Avant-Garde Fashion: Complications of Identification

Avant-garde is used as a synonym for all ideas that are “unusual and experimental”. When an art piece challenges the way of how art is supposed to be done, in most cases it is an avant-garde piece. When it comes to avant-garde fashion, the term differs itself in its meaning. Again, it is most usually used to describe the unusual and eccentric pieces, but can all clothing pieces that seem a little different, or completely loses its utilitarian functions be classified as avant-garde fashion?


Comme des Garçons Spring/Summer 2017

What does Avant-Garde mean?

Conforming to the general understanding of avant-garde, the dictionary meaning of the word is “introducing experimental/ unusual ideas”. The word “avant-garde” translates to “ahead of the guard”, as in ahead of the societal perspectives on art, life, culture. This doesn’t stand for avant-garde being a trendsetter, or foreseeing the future of where art will evolve to. On the contrary, in most cases avant-garde takes itself out of the context completely to give it a new meaning, and stems from a different aim.

In her book called “Against Interpretation”, Susan Sontag describes avant-garde art as “…experiments of form at the expense of content”. Her quote talks about avant-garde in all fields of art, not just fashion. Yet, her quote opens up a new opportunity to evaluate which art pieces can be avant-garde, and how.



Form and Content

When talking about an artwork, we process and evaluate it in two ways, through its form and its content. Form stands for the way the piece looks. The mastery behind it, the use of light and brush in paintings, the colors, shapes, textures…Anything visual and material about the artwork is in the form, it’s right in front of you to visually please, entertain, or repulse you. The content is about the subtext of the piece. What it’s about, what story it tells and what message it gives are what makes the content of the art.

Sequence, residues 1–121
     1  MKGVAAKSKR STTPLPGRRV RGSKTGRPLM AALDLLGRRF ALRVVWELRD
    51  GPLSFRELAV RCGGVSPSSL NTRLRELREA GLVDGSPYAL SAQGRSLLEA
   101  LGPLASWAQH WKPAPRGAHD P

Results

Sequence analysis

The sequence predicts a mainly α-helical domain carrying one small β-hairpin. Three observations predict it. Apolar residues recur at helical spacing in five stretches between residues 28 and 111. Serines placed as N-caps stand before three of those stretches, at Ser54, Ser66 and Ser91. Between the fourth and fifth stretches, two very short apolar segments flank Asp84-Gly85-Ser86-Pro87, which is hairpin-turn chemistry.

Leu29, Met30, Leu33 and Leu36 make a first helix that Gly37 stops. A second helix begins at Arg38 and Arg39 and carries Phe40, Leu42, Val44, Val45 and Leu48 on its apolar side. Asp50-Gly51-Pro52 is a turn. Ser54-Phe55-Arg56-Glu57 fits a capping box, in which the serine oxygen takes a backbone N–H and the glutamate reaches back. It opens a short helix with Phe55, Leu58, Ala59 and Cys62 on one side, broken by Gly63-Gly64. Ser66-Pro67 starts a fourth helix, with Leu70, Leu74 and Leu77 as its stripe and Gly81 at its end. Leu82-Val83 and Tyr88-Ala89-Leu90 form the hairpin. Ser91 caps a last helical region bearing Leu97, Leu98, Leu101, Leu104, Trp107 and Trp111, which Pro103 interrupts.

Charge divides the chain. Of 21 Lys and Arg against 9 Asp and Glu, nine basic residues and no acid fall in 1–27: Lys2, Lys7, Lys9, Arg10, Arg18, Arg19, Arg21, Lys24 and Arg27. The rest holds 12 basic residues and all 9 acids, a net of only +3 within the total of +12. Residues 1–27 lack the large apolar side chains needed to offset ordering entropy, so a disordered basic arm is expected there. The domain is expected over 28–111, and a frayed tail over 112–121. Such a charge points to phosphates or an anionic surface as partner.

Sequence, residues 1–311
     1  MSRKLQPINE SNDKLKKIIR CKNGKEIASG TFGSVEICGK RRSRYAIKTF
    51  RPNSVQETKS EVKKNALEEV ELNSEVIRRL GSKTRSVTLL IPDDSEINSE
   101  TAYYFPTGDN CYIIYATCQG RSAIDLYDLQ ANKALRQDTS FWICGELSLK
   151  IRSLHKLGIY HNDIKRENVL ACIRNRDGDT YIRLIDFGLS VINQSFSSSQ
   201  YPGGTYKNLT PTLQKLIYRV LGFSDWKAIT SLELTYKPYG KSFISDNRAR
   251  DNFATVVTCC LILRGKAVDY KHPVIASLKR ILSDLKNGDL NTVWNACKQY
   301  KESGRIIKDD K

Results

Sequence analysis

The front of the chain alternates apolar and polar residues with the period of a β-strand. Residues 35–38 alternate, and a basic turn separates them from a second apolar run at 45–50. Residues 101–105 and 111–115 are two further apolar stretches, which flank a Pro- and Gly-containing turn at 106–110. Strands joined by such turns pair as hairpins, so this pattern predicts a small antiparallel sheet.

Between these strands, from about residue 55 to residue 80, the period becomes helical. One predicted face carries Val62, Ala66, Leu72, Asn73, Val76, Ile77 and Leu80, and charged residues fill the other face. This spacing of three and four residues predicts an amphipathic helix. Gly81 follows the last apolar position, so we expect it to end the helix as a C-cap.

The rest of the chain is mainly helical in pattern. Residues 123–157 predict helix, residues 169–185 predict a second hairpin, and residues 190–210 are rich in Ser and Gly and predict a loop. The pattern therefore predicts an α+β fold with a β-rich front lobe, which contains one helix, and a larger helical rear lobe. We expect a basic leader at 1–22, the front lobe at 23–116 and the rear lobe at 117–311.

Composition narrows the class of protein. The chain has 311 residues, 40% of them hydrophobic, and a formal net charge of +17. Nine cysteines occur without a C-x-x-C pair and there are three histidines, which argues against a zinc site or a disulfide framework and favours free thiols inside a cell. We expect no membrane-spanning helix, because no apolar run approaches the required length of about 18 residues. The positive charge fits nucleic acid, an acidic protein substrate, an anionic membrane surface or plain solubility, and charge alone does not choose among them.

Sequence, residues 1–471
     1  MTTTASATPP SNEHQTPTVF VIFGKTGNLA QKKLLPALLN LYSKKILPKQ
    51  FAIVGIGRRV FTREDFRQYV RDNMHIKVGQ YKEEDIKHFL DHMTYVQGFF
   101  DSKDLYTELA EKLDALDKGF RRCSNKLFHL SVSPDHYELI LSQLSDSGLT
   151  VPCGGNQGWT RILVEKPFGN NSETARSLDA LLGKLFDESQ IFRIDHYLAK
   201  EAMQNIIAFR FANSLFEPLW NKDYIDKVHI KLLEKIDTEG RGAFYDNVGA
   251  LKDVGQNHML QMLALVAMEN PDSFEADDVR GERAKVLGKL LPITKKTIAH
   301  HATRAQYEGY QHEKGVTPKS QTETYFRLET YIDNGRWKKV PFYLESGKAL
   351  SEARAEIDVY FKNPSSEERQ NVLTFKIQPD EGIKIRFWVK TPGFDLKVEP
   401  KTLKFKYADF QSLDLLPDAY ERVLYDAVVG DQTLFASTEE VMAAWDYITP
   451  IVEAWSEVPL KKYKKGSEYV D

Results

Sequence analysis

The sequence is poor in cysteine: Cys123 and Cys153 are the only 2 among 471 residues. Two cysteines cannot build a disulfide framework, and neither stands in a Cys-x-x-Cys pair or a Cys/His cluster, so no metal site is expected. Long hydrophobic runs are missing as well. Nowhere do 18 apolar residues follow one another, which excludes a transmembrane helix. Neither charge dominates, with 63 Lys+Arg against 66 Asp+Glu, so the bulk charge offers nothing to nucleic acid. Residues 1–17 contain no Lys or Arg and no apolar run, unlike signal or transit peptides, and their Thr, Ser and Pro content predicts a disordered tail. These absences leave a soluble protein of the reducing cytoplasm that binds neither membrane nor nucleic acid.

In Sontag’s description of avant-garde, she talks about the way artists experiment with form and form only, without adding any contextual value to the artwork. Or, the artist may leave it completely open to be narrated by the viewer since the content is now up to anyone’s understanding, even theirs is not the only “right” one. Sontag argues that avant-garde art prioritizes form and lacks content.


Yohji Yamamoto’s designs


Bliss Foster, a Youtuber and a fashion enthusiast, points out that when it comes to fashion, Sontag’s the understanding of avant-garde turns completely opposite. Because in most cases of avant-garde fashion, the form is sacrificed for the meaning, the context. When a clothing piece designed by an avant-garde designer is portrayed on the runway, it is usually not meant to be worn but to tell a story. It raises the questions of the utilitarian focus on fashion.


Wearability and Process

Bliss Foster divides form in fashion into two categories to evaluate even deeper, and they are wearability and process. Wearability is directly about the usefulness of the clothing. Can you wear it to dinner? Does it function as a piece of clothing or just as a piece of art? Also, when we limit fashion to art of wearables, do we reduce the art, the content behind? Through that wearability perspective, does the lack of usefulness make them fabric sculptures and not clothes? Or, is usability a vital necessity after all?

Most usually, designers give meaning to their designs and reduce the importance they put into making it wearable. The pieces now function to tell a story. To give an example we can think of the Iceland-based designer Sruli Recht’s glass slippers. They give the message to people about “the luxury items are not meant to be used so much”. The shoes are sold, only to be displayed on a shelf, just like the luxury items it criticizes. If you try to wear it, the glass will break under your feet, so wearability is out of the question. It is charged with meaning and content, and lacks the usability that fashion puts importance on.


Glass slippers by Sruli Recht


Process is about the way the pieces are made. What thought goes behind to the ways of creating it is just as important as any other factor, when it comes to avant-garde fashion. Iris Van Herpen’s designs are constructed with detailed engineering and unusual ways of portraying a piece of clothing. The story behind them are either non-existent or more fantasy story-telling rather than a societal message. Though, the process of the way the pieces of clothing are made make all the difference, and puts her designs under the term title. Some of her designs conform to Sontag’s idea of “form before content”, but some don’t. Yet, they are all avant-garde. How?


“Hypnosis” by Iris Van Herpen

Necessities of being “avant-garde”

If  a designer’s work is both meaningful in it’s message, and doesn’t lack form at all, what happens? The factors don’t cancel each other out, and the piece can still be an avant-garde clothing, painting, building, sculpture… It is hard to define what makes something “avant-garde”, because even between generations the understanding of the term changes. Today’s gender neutrality and size inclusivity may be avant-garde for some, and for some they won’t. Some fashion shows of the past may look very wearable for us now, or maybe their meaning is no longer relevant. Art is ever-changing, and descriptions will probably never stay the same.



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